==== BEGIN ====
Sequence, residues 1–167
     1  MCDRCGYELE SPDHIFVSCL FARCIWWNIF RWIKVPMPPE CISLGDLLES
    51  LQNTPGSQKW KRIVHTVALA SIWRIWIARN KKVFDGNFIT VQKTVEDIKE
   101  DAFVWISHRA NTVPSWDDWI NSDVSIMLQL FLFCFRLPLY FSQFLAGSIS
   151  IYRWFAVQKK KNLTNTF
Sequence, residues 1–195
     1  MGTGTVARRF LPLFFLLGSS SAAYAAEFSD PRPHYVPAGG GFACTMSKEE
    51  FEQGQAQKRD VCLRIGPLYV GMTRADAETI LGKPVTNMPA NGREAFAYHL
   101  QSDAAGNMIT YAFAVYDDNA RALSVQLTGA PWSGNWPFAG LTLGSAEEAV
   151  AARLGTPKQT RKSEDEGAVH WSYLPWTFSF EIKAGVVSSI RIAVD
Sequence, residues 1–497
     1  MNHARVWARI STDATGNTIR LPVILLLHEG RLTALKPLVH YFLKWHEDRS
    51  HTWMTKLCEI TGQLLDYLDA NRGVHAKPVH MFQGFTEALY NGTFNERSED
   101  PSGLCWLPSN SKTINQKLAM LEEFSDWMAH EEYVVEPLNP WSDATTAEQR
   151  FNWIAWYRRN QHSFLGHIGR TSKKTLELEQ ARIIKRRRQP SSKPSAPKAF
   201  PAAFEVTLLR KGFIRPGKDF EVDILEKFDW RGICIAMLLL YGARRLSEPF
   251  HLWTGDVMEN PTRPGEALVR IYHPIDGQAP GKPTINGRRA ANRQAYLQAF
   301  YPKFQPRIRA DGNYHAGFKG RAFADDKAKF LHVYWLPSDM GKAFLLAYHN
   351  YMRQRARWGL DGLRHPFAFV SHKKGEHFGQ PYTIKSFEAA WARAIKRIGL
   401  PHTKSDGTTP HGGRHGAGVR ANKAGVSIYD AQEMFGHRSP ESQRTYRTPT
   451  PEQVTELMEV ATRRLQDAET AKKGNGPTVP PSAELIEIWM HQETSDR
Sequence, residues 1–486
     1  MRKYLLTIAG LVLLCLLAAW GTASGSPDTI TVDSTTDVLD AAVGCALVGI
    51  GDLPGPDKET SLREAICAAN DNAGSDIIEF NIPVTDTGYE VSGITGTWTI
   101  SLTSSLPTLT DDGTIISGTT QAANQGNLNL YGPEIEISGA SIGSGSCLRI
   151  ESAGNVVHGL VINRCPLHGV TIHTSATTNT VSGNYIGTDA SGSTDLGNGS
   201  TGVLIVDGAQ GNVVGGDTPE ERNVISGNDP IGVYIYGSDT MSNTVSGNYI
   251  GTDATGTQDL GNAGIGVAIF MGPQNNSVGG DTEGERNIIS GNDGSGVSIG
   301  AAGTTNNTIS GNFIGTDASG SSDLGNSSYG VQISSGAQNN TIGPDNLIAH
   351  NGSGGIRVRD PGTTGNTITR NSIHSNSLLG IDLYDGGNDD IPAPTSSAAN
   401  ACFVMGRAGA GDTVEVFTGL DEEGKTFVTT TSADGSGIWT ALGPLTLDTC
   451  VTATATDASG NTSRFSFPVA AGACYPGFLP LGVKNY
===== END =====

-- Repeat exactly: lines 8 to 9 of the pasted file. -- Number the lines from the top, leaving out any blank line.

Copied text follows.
    51  FEQGQAQKRD VCLRIGPLYV GMTRADAETI LGKPVTNMPA NGREAFAYHL
   101  QSDAAGNMIT YAFAVYDDNA RALSVQLTGA PWSGNWPFAG LTLGSAEEAV